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George Cox of Mulgoa and Mudgee: Letters to his sons
1846 – 49.

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Wiradjuri Nation: The Cox family, the Wiradjuri Nation and Winbourne and Burrundulla, cont. P.32

The Aboriginal people at Winbourne were known as the Mulgoa or Mulgoey or Mulgowi clan of the Darug people. The Darug people were a large language group occupying the Cumberland Plain Woodland.
In the 1980s, Jim Kohen, an archaeologist specializing in Darug history, wrote a report on archaeological evidence of Aboriginal people on Winbourne, which is held in the archives onsite. His writings include a book, The Darug and their Neighbours, (Kohen 1993), which lists more than 3,000 descendants of some early Darug families.
Jim’s archaeological findings confirmed that Aboriginal people first lived on Winbourne, which now bears a plaque in the courtyard of the now Retreat and Conference Centre acknowledging them as ‘traditional Indigenous owners’.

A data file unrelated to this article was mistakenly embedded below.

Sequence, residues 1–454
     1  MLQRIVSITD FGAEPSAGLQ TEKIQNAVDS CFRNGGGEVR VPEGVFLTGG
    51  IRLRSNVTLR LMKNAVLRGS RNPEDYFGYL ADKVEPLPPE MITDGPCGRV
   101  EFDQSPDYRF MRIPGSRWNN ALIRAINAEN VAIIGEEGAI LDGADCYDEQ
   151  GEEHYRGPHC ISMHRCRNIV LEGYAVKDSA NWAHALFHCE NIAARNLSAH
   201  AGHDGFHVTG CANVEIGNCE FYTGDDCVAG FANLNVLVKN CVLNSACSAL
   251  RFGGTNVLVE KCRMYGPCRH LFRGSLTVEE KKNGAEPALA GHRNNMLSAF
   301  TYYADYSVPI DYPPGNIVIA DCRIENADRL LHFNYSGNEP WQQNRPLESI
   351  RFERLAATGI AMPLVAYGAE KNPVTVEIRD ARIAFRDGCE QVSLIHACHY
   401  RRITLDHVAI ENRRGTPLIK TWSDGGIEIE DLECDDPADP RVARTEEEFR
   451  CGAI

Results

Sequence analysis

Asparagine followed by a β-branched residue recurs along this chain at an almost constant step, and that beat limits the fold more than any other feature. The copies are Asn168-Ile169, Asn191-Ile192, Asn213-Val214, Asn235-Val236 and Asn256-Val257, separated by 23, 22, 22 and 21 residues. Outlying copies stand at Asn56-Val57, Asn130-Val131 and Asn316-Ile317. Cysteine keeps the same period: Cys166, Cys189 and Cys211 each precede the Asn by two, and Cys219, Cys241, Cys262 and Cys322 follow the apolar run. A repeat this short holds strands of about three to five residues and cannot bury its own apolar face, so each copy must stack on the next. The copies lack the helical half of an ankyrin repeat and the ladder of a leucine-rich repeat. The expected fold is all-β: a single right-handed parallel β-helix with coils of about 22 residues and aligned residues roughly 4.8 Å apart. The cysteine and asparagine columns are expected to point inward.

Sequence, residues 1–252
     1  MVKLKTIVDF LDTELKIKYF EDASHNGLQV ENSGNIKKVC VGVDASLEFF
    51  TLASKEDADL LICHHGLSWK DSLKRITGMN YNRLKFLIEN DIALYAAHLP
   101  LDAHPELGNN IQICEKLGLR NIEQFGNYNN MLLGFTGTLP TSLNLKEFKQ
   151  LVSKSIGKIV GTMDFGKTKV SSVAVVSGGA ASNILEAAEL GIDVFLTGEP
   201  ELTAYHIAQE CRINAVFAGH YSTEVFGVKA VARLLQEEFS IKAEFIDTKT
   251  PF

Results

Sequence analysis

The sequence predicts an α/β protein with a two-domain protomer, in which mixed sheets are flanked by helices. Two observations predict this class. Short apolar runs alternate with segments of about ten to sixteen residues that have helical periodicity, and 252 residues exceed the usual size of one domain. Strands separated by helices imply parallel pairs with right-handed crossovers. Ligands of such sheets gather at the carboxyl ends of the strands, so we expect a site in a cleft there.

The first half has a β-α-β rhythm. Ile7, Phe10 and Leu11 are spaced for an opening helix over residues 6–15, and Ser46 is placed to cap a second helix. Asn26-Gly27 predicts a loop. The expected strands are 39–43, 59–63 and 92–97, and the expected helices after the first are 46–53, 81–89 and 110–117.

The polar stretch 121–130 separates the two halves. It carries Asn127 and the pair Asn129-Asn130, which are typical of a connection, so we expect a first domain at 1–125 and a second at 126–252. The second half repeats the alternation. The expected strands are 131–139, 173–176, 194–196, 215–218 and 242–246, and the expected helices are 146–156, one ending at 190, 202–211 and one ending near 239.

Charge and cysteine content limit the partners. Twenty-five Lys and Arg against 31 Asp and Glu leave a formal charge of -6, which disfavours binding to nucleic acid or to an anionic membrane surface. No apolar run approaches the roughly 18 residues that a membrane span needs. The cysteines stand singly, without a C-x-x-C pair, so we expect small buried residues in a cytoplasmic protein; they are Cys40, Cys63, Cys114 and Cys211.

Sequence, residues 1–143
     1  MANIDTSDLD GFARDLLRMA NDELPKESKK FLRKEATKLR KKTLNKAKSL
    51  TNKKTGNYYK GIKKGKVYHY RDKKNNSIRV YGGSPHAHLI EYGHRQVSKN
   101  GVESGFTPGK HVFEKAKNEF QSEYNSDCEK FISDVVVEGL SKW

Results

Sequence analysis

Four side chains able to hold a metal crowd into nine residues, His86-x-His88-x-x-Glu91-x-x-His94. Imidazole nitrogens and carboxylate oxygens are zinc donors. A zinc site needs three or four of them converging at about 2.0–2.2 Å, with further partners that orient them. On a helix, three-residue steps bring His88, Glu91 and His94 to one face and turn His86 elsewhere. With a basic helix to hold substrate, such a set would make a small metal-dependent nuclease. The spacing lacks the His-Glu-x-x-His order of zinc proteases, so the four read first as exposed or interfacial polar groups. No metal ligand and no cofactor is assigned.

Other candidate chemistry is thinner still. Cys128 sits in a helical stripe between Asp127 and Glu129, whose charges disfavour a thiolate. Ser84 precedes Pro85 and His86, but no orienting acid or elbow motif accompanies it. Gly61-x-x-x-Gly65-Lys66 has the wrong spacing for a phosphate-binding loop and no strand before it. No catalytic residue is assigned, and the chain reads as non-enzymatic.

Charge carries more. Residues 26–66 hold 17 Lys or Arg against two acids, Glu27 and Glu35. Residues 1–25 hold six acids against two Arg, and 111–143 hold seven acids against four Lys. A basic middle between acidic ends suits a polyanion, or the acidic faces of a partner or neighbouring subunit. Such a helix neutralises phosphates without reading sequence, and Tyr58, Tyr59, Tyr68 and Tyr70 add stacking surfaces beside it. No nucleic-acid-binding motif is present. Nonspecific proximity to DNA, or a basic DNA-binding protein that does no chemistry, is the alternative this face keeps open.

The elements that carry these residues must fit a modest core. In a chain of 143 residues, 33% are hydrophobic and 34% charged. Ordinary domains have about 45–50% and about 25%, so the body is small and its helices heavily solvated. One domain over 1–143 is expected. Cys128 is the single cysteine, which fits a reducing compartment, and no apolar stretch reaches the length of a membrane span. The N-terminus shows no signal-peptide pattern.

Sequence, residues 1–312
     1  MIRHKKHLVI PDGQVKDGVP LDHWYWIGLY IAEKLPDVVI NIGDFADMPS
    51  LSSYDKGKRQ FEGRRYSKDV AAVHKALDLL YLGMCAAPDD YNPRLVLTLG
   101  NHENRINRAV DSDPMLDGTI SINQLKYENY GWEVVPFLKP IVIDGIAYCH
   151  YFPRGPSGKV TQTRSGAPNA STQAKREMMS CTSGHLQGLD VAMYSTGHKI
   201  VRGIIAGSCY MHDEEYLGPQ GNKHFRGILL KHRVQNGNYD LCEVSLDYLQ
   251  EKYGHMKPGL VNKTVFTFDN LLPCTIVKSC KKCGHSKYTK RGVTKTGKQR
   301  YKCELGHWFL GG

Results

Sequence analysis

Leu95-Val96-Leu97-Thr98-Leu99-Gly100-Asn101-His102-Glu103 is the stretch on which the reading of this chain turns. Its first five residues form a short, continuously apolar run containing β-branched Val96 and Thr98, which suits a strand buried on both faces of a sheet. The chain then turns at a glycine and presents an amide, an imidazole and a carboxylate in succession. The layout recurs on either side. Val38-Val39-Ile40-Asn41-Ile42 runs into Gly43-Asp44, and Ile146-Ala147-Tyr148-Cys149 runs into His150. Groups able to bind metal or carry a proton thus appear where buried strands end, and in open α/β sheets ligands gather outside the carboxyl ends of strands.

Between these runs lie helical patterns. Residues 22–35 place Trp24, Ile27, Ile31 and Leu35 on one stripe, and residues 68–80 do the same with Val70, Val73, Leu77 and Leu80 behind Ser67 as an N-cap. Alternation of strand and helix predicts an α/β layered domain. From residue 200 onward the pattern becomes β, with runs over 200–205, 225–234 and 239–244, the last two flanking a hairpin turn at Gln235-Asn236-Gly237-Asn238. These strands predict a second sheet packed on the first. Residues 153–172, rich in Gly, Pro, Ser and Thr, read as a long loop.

Many Europeans lived in the Mulgoa Valley, including James Norton, who built ‘Fairlight’ north west of Winbourne (1822) and Blaxland, who had a large farm, ‘Regentville’ (1815) at the northern end of the valley.
Winbourne is associated with the family of William Cox, the Blue Mountains road builder. Three of William Cox’s sons built houses in the valley. Henry Cox built Glenmore (the present golf club), Edward built Fernhill (now largely restored) and George built Winbourne, starting in 1824 or so. William, the road builder, lived at ‘The Cottage’, near the present site of St Thomas’ Church, before moving to Clarendon at Richmond.


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